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Steve Jobs will certainly be missed. He was the master showman, the man who made (with apologies to John Travolta) the world's greatest comeback (and who led the company he co-founded to the greatest comeback in business history) and the one who thought different.
Jobs can't be replaced, but he's created a team that will carry on Apple's success. But more on that later. Jobs' passing has received the type of media coverage usually accorded only to world leaders.
The National Retail Federation President and CEO Matthew Shay released the following statement on news of the passing of Apple founder Steve Jobs.
"The National Retail Federation and the entire retail industry mourn news of the passing of Apple founder Steve Jobs, one of the most innovative leaders of our time who created an iconic retail brand through innovation and design. In a challenging economy, Jobs and the entire Apple team invented discretionary products that many Americans now consider necessities, from the iPod to the iPhone and the iPad. As a prime example of modern day ingenuity and creativity,
"Steve Jobs offered the world an inside look at what the future of consumer electronics can and will become, with generations of consumers now able to thank him for his brilliant innovations. He leaves behind a legacy that will inspire retail companies for decades to come."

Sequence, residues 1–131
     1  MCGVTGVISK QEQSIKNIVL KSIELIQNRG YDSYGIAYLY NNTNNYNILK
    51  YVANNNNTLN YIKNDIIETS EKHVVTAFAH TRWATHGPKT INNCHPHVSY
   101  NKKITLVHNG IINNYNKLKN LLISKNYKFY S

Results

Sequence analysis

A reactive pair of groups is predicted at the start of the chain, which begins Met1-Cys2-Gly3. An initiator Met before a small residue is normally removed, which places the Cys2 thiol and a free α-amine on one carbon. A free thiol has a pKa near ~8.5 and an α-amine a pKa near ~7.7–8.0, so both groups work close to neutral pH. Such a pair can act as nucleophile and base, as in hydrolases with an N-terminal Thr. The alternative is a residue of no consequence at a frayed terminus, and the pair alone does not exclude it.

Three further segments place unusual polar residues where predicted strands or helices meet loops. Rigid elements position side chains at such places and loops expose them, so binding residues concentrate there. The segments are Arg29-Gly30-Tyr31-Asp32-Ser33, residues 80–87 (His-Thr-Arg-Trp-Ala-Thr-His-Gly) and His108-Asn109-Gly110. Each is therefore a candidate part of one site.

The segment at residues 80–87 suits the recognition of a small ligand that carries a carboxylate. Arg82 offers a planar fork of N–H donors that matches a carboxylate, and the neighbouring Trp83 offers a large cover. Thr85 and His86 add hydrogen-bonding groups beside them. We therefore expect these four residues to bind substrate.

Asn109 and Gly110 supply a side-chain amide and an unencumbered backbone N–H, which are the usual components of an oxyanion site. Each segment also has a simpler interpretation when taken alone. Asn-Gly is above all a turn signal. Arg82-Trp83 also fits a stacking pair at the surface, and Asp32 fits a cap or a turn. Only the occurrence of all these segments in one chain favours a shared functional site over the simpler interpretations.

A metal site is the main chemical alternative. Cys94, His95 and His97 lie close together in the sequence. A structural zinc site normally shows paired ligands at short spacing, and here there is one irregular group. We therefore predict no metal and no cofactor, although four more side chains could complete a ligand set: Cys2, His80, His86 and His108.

The Consumer Electronics Association (CEA) issued the following statement attributable to Gary Shapiro, president and CEO, CEA, upon the death of Apple co-founder Steve Jobs:
"CEA extends its deepest sympathies to the family of Steve Jobs. We join the entire tech community in celebrating his momentous contributions to making our lives better through innovative products and leadership at the company he loved so much that is beloved by so many. Our thoughts are with the entire Apple family in this difficult time."
Steve "Woz" Wozniak, Apple co-founder, told the "Boston Herald" (http://macte.ch/tHVaC) that Jobs was a good husband and father and a great businessman who had an eye for details. He said Jobs was a good marketer and understood the benefits of technology.
John Sculley, who at one time ran Apple, called Jobs (http://news.cnet.com/8301-30685_3-20116606-264/erstwhile-enemy-sculley-j...) a "brilliant genius who transformed technology into magic." And he said a part of him "still lives within all of us through his beautifully designed products and his no-compromises media experiences."
United Kingdom Prime Minister David Cameron says, "Steve Jobs transformed the way we work and play; a creative genius who will be sorely missed. Our thoughts are with his family."
Jobs is often incorrectly described as the inventor of the Mac, iPod, iPhone and iPad. He certainly polished those products to perfection with his micro-management and attention to detail, but the world-changing products were the result of a team of people, of which Jobs was the head.